The future use of South Yorkshire’s force of more than 200 PCSOs – the face of policing for residents in many neighbourhoods – is under review as police try to work out the best way to use their resources and a recruitment freeze means there will be increasingly few on the streets, for the immediate future at least.
PCSOs were introduced when then Sheffield Brightside MP David Blunkett was Home Secretary and were initially greeted with scepticism by some because of their limited powers, including no authority to make arrests, and were dubbed by some as ‘hobby bobbies’ or ‘Blunkett’s bobbies’, though they quickly proved their worth in dealing with low-level neighbourhood problems.
That was in the pre-austerity era and a combination of increasingly tight budgets and reduced numbers of regular police officers have forced chief constables to re-assess the function PCSOs play within their force, with some scrapping the service.
A recruitment freeze has been introduced in South Yorkshire to allow Chief Constable Stephen Watson time to assess what role PCSOs might hold within the force in future, with an expectation that one a month, or slightly more, will leave the service through natural wastage in the immediate term.
The force’s establishment, or expected number, of PCSOs is 225, with eight of those funded by Barnsley Council, and the reducing numbers mean South Yorkshire Police is expected to spend around £100,000 less than expected on those staff in the current financial year.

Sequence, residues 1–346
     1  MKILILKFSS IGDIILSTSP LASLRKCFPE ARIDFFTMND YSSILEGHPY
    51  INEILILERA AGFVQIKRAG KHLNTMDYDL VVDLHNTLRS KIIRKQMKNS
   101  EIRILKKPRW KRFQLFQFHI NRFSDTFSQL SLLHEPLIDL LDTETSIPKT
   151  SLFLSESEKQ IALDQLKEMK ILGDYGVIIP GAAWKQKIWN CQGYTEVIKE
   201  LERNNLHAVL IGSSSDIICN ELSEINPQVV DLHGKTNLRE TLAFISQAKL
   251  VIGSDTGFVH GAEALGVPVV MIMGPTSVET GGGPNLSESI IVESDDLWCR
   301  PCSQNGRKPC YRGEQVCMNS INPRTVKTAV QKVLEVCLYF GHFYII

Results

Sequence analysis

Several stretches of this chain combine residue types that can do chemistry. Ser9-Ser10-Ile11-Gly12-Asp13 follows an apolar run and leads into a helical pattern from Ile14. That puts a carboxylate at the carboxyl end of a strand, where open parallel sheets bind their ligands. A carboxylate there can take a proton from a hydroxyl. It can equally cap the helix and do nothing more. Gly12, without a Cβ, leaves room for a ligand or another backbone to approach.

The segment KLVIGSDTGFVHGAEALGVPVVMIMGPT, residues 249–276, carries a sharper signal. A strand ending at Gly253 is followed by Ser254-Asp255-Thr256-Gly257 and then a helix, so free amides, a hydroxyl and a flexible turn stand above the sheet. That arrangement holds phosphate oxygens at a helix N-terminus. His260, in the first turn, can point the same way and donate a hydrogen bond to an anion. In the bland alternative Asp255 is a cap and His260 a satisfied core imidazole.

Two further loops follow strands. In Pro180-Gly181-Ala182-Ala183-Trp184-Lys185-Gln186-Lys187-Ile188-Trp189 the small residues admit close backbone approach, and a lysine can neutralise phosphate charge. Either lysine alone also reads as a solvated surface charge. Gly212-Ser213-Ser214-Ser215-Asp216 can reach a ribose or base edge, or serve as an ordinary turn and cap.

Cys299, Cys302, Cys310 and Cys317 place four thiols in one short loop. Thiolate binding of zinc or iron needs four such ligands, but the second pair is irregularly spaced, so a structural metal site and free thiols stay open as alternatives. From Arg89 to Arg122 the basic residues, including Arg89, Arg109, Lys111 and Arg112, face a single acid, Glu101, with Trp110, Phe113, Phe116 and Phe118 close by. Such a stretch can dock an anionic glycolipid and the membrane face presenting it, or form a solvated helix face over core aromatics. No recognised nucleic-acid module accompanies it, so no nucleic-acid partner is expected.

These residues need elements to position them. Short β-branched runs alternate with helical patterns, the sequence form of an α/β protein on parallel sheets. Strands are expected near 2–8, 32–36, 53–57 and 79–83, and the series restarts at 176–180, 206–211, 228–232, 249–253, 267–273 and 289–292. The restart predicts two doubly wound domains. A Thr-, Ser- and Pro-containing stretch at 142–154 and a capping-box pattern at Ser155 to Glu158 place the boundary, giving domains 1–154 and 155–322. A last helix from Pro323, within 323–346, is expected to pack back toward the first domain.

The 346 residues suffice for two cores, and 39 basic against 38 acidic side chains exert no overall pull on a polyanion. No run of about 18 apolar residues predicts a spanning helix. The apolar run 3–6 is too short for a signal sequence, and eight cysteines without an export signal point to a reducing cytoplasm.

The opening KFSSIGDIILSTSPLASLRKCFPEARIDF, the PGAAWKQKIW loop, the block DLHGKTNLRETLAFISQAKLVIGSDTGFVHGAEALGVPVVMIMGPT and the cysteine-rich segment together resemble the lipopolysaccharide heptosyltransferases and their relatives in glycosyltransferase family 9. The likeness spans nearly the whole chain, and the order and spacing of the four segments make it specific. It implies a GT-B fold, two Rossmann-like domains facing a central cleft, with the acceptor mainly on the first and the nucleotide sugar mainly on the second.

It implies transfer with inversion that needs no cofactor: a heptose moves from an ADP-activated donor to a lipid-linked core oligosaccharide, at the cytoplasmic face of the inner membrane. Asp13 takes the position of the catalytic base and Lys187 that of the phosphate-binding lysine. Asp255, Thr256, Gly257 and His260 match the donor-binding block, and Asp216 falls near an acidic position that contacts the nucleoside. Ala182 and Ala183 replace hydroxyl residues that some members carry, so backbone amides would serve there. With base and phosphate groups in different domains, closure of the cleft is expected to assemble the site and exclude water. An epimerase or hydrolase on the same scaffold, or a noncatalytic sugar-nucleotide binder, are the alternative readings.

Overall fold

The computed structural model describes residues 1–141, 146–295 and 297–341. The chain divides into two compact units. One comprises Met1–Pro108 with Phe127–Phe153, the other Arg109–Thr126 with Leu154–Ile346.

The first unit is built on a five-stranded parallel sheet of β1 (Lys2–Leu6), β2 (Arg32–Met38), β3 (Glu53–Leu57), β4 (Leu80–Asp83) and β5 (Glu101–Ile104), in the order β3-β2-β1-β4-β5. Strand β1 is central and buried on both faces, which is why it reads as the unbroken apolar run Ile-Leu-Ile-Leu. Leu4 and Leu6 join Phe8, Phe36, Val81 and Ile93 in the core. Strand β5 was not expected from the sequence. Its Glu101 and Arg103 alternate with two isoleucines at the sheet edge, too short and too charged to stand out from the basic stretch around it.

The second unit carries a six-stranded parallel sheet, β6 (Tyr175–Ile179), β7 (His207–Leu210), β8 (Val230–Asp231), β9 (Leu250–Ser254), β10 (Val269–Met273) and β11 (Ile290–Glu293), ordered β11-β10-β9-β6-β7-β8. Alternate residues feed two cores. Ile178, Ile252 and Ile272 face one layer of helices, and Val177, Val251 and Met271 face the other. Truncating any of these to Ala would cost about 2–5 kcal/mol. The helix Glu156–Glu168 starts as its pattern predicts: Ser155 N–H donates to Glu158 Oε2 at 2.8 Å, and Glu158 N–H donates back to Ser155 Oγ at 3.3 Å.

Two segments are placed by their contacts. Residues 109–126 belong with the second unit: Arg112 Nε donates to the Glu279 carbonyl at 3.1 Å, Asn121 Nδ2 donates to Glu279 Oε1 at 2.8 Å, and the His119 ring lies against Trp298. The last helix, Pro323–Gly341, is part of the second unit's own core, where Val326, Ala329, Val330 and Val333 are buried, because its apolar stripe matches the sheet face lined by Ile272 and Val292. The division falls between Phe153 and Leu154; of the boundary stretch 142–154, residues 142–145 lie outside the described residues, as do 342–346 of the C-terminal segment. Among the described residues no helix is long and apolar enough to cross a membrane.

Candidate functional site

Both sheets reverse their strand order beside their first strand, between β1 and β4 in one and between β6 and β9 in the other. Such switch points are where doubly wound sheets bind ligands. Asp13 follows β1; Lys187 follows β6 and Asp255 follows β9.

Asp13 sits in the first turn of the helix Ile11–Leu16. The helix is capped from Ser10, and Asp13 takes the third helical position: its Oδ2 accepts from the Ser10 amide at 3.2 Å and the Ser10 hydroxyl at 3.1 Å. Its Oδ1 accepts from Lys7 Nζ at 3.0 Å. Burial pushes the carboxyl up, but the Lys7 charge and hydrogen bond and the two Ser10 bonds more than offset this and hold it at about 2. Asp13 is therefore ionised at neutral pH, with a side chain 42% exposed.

Details of the review emerged at a meeting of the South Yorkshire Police and Crime Panel, a body made up largely of councillors which scrutinises the work of Police and Crime Commissioner Dr Alan Billings.
Doncaster Councillor Sue Wilkinson questioned a report which stated posts would be left vacant as PCSOs left the service and was told by Dr Billings: “The chief constable is reviewing PCSOs, what they do.
“There is a big review going on and this simply reflects that the review is not complete.”
Over the last year, South Yorkshire Police has been putting police officers back onto neighbourhood duties, after they were centralised into multi-purpose teams by the previous chief constable, a decision since discredited.
Independent Panel member Steve Chu questioned how the impact of the new neighbourhood policing teams would be assessed and was told by Dr Billings: “That work has to be done.
“This is a big step, by putting officers on neighbourhood teams.
“Unless you are increasing numbers, you are taking them from somewhere else.”
Police themselves and Government inspectors who assess their performance would be looking for evidence that the new system was providing the expected results, he said.
It is expected the review of the future role of PCSOs in South Yorkshire will involve some consultation work.
Dr Billings said: “When PCSOs were first introduced, money was not quite so tight and there were more bodies on the ground.
“What they (PCSOs) do is spend more time on the ground, talking to people. There is an aspect of what PCSOs do that will always be there.
“There are lots of other things they have been used for, that the chief constable has to take a view on,” he said.